When a trio of faculty members at an Educational Records Bureau (ERB) conference in Boston last fall attended a workshop on professional development, they came away inspired by the question raised in the discussion: How can a school offer professional development experiences that are different than having faculty members leave campus to attend conferences or bringing speakers in?
One idea was to hold “learning lunches,” during which interested teachers could gather around a table away from the busyness of the dining hall and talk about how to bring larger world issues to their classrooms and how to cultivate such qualities as grit and resilience in their students.
The first learning lunch was held last fall in the Farmhouse, when attendees talked about Angela Duckworth’s research on helping students develop grit. In advance of the gathering, links to related material online, such as Ted Talks and articles, were circulated. “It was so successful, we were encouraged to continue,” says Laurie Byron, chair of the English department and one of the three teachers—the others were John Sharon and Ralph Giles—who attended the ERB workshop. “It’s been a really nice way to validate our interests and talk to each other about a variety of topics. We don’t do this enough.”
Learning lunches were scheduled for the first Tuesday of each month, though snow days derailed a couple of them. The second lunch focused on how school communities can address what’s happening in the outside world, such as the incidents in Ferguson and Statin Island. The third meeting, held in February, had attendees Jon Byrd, Jane Potsaid, Sue Fisher, John Sharon, Ralph Giles, Rob Morrison, Beth Shiffler, Scott Chelist, and Laurie Byron discussing how to cultivate a classroom culture in which it’s okay to fail, where resilience and independence can be cultivated, and where students can take more ownership of how they learn.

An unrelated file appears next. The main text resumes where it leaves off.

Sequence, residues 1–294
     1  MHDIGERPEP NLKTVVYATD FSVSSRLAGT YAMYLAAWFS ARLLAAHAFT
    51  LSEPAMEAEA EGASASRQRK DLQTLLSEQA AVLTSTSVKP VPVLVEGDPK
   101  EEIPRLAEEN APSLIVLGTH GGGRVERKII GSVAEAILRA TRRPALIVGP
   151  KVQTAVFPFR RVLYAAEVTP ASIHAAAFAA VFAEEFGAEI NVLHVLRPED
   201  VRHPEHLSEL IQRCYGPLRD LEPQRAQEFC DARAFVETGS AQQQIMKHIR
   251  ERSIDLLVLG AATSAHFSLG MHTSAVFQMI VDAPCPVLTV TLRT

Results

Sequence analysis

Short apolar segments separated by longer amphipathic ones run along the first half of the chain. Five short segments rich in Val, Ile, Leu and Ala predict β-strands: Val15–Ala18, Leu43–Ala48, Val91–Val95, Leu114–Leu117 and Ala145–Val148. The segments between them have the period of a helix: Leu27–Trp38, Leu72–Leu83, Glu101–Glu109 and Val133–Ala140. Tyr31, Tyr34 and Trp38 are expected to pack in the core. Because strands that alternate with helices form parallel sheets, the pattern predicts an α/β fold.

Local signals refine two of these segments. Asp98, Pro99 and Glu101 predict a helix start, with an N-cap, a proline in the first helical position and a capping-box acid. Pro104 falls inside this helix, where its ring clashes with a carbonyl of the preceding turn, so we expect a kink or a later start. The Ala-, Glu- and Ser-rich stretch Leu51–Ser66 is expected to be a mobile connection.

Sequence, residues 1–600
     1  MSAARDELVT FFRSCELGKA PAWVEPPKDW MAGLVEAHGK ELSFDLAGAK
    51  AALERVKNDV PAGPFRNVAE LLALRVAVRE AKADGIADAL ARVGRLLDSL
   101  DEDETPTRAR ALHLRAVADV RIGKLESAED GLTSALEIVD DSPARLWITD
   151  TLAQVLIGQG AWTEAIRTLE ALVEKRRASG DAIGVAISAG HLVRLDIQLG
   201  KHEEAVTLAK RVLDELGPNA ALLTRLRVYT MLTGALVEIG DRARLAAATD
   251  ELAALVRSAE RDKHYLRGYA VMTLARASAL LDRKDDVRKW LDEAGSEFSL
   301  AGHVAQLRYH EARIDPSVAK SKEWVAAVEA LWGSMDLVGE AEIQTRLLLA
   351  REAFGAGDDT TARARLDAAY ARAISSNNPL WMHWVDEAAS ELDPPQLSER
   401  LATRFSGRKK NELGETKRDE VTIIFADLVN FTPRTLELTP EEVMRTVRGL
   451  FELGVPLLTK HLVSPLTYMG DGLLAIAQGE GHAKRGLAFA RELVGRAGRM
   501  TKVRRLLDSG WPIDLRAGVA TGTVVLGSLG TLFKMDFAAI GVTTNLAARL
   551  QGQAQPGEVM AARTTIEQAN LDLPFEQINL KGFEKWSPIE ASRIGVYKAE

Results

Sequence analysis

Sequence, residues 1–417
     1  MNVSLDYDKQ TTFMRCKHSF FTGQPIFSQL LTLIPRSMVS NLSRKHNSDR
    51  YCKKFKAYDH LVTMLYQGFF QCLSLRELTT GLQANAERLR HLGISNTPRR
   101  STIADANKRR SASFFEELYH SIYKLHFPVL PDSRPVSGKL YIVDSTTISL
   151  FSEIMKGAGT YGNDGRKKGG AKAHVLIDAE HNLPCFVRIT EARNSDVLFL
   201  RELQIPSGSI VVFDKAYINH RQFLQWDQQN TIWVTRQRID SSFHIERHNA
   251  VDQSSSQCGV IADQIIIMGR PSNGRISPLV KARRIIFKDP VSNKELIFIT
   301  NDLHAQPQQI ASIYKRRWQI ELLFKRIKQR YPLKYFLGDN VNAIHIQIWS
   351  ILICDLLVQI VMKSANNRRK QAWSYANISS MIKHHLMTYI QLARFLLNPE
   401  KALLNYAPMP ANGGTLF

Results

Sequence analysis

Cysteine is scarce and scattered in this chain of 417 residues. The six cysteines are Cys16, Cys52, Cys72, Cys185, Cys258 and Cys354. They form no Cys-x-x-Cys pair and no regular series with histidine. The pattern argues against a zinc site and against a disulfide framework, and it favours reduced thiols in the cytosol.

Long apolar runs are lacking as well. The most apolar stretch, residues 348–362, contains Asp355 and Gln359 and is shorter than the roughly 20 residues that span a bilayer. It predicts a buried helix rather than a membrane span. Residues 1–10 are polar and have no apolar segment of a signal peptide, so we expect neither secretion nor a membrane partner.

An upcoming learning lunch will be a discussion led by Fenn learning specialist Jane Potsaid based on the book Leading and Learning with the Habits of Mind by noted educators Arthur L. Costa and Bena Kallick. The goal of developing and assessing habits of mind is to make students more thoughtful, reflective learners, Jane says, adding that habits of mind such as persistence and striving for accuracy are determined to be valuable traits for success in school and society.
Pictured are Ralph Giles, chair of the math department (left) and English and social studies teacher Rob Morrison.